I have a fair credit rating is there any way I can get an unsecured loan of £10,00?

Asked by wilsonstrutte

1 Answer

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Answered by Richard Salter, IFA in Trowbridge, WILTSHIRE
This will depend both on what you mean by "Fair" credit rating and on your current affordability.
All lenders pass details of our credit worthiness into central databases so that whether we have a mortgage, unsecured loan, credit card, bank overdraft or other facility which could give us some form of credit (HP on a car) a record of how much debt and how well we have handled and repaid it is maintained. Credit facilities held, or simply applied for, (to detect multiple credit applications made at a similar time) are totalled up by value and your income then set against it. It might be that you are deemed able to afford say £20,000 of credit but have only taken up £10,000 of that 'allowance'. A fresh credit provider may see that you already have £20k of facilities so will not grant your further credit based on your current income, even though you have only taken up £10k of it.

Those who are late paying get marked down, those who miss a payment completely get black marks and those who breech credit limits - say you go £100 over a £5,000 credit card limit thanks to the addition of interest all get low scores. The best position to be is with a track record of acceptable levels of debt being regularly and reliably serviced and repaid.

Perversely those who avoid credit as some kind of 'spawn of the devil' will naturally have no credit record and are therefore very difficult for the credit industry to assess as to their repayments reliability. As a consequence they will get low credit scores just as much as bad credit payers do.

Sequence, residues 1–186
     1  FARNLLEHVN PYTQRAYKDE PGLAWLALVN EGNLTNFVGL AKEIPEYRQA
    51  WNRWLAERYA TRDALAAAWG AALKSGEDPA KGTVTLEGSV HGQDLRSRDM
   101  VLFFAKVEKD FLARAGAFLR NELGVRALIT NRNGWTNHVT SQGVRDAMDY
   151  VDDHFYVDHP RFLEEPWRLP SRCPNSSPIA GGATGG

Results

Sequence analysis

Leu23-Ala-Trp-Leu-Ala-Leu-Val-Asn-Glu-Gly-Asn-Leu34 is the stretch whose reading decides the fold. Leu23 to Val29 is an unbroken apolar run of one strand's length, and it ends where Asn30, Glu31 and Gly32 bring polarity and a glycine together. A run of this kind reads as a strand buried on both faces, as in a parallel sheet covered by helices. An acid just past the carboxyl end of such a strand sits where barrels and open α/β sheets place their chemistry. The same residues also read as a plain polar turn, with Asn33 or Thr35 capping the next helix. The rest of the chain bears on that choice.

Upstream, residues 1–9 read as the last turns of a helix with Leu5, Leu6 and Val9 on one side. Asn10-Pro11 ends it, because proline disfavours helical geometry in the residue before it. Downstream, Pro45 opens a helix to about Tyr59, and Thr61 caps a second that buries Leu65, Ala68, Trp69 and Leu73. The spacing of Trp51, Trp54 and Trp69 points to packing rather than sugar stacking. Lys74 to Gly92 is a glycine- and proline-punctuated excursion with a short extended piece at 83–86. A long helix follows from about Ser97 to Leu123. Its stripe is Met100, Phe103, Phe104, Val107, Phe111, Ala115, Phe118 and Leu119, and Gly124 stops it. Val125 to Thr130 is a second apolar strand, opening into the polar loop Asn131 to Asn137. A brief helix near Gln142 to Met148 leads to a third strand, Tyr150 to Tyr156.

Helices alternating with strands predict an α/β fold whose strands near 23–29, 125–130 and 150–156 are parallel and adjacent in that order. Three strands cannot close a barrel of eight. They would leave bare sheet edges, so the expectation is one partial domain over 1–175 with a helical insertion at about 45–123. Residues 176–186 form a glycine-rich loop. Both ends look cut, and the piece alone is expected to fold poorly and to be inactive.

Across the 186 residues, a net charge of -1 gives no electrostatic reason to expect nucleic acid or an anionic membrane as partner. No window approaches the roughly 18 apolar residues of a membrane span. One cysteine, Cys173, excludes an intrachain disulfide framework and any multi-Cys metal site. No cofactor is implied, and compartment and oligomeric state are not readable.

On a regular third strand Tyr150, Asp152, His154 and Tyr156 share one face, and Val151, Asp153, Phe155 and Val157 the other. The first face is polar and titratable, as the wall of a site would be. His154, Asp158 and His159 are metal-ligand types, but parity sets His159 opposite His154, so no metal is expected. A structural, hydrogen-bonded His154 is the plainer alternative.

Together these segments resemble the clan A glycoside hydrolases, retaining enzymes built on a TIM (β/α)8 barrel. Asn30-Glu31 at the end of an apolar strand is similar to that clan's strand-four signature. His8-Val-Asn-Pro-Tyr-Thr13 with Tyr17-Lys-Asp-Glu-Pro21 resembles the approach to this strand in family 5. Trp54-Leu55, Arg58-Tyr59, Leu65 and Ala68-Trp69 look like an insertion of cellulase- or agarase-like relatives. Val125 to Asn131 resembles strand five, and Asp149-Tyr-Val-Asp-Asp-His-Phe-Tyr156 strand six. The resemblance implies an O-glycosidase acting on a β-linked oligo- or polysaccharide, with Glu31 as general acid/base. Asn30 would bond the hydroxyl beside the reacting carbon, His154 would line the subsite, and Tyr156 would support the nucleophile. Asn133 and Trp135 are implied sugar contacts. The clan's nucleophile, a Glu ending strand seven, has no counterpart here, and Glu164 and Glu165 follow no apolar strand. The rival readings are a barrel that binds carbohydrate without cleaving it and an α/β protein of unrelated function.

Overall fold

Your description 'fair' may simply be your way of saying you expect an average picture – typically going overdrawn a couple of times a year (Christmas and holidays being most common) and sometimes not clearing your credit balance completely every month (not a bad thing in credit terms so long as you are eating into debts, paying at least the minimum on time every month ( Do set up a direct debit to pay the minimum off each month) and so on.

If lenders see enough margin to lend based on your present credit history (bear in mind records for any given line of active credit you ever held are kept for up to six years after they were closed) and you have not had any IVAs or CCJs then they will go on to look at your affordability. If this is weak given your other commitments it can be boosted by applying with another person who also has a reasonable credit history and some spare affordability.

If you have both an acceptable credit history AND reasonable affordability (different lenders will take a different view on what they deem acceptable both as credit history and affordability) then a £10,000 unsecured loan should be no problem.

Note whilst you might feel you can afford to repay £10k over say three years, asking for the same amount but over five years can make it seem more affordable to a lender who could turn you down for the money over three years but allow you to take it over five years !! (5 years is typically the longest loan repayment term for unsecured money).

By the way current best buy loans are Nationwide's 6.3%- check out Martin Lewis's excellent Moneysavingexpert site for much more on creditworthiness and best buy credit deals.

Hope this helps
| 11.04.11 @ 15:23
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Answered by

Richard Salter
Richard Salter, IFA in Trowbridge, WILTSHIRE

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